And that's to say nothing of the coming explosive growth of the elderly as the baby boomers age. How and where to take care of this population is a looming question, especially since more and more people want to stay at home for as long as possible.

"This is a gigantic experiment," says Steven Miles, a professor of medicine and geriatrics with the University of Minnesota's Center for Bioethics. "We have never before in human history ever faced this kind of demographic transition of having 20 percent of the population in a category called elderly. It just hasn't happened."  

But even as the need is poised to skyrocket, our social service systems are woefully ill-equipped to deal with it.

"We have not matched the commitment to keeping people out of nursing homes with the commitment to create sustainable systems to keep them in the community," says Miles. "It's fair to say that we have a crisis of caregiving that has become extraordinarily severe."

Part of the problem is the U.S. health care system and medical training programs. While there are more than 160,000 medical students and residents in the United States, Miles notes that only 120 doctors graduate with a specialty in geriatrics. "Which is just crazy," he says.

Beyond that, our health care system is designed to deal with acute problems, he adds, rather than the chronic problems and disabilities that invariably arrive with old age--and, over time, cost more.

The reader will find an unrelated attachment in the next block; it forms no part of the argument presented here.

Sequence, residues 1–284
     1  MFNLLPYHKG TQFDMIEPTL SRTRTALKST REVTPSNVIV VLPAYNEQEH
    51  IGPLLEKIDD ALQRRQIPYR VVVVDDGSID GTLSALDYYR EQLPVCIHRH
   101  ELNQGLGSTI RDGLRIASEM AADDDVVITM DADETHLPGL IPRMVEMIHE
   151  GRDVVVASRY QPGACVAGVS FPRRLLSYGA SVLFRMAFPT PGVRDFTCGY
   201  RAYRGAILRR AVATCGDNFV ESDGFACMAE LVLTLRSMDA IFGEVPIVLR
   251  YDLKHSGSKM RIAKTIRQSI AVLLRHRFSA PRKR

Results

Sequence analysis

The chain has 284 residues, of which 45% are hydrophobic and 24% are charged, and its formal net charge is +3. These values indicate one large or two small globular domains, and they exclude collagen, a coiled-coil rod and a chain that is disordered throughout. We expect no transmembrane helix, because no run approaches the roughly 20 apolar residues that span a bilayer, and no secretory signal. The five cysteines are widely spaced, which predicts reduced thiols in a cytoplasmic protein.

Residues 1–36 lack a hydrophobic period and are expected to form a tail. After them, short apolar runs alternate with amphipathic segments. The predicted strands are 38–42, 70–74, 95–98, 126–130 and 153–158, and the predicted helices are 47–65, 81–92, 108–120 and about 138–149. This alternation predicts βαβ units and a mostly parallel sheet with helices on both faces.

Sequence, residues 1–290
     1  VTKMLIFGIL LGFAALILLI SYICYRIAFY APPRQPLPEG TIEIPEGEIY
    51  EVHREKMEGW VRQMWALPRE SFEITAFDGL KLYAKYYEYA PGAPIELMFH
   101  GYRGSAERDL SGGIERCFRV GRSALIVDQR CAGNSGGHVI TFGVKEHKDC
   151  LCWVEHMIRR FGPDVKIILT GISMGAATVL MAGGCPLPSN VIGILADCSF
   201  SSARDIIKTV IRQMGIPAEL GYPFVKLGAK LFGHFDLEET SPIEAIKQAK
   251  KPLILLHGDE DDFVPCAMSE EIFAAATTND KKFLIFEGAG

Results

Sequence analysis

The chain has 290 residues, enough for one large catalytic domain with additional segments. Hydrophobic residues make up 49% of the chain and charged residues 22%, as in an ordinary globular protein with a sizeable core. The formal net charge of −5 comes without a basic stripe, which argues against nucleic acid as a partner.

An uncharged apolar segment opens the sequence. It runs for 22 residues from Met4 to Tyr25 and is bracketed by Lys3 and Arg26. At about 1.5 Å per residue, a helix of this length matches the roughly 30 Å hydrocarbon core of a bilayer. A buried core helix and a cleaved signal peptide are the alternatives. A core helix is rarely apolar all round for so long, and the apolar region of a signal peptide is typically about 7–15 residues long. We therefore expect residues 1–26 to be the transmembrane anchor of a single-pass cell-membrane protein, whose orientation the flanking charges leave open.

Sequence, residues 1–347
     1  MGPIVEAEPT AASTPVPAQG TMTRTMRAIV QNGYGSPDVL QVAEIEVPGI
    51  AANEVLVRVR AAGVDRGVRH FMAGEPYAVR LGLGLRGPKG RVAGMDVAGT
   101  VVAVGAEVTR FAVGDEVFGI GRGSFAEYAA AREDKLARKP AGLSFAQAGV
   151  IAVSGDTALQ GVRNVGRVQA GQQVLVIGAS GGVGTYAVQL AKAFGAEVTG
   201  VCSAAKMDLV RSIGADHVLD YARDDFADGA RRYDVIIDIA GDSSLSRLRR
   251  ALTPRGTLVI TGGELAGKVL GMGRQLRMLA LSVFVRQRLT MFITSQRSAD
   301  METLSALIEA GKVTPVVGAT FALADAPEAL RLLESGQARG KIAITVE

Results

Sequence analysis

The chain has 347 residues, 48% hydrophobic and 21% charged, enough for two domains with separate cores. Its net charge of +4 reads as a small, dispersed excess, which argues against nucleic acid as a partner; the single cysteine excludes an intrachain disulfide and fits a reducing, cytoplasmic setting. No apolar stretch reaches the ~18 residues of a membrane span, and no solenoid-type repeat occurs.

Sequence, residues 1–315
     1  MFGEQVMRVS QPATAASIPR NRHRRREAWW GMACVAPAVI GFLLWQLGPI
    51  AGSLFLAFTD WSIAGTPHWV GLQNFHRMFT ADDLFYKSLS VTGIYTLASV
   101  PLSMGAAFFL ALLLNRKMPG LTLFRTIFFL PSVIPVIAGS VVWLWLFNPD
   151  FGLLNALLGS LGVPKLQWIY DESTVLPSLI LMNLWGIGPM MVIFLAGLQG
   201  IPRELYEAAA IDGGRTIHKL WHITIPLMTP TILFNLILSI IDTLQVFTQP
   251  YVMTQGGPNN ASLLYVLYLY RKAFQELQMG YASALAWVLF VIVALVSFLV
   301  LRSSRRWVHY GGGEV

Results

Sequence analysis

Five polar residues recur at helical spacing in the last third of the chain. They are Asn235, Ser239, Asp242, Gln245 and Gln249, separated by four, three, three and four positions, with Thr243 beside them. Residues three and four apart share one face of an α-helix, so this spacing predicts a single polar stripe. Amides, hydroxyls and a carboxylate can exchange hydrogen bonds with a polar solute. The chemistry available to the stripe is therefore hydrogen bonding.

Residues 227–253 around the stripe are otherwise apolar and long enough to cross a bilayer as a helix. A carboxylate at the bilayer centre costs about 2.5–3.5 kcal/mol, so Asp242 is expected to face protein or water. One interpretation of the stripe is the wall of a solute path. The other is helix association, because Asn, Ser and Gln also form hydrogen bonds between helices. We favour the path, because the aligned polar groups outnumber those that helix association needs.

"Health care has to be universally available, and designed to work as well in the clinic as in the hospital, and incorporate home health care needs," he stresses. "We need to move to the idea that disability is a normal part of the life cycle, particularly toward the end."

That, in part, means changing the way we view, and compensate, jobs like home health care aides, who, according to Miles, may make as little as $6 an hour.

"The payment rate for home health care aides is so incredibly low," agrees Anita Raymond, a social worker with the nonprofit social service agency Volunteers of America Minnesota. "People leave home health care jobs to work in a fast food restaurant, because the pay is about the same and it's less stressful. As a society we value independence, we value the concept of helping older adults stay home. But the basic work--the people who deal with the bodies and the bodily fluids--somehow as a society we aren't valuing that work enough to pay."

"We have to invest in getting more people into this work," says Kathleen Kelso, executive director of the nonprofit Advocacy Center for Long-Term Care. "We have to have an investment in long-term support. We have to have an investment in training. We have to understand the care of the aged. We have to care for people differently as we age, and none of that is being covered. That should become a fundamental part of health care today--not just an add-on."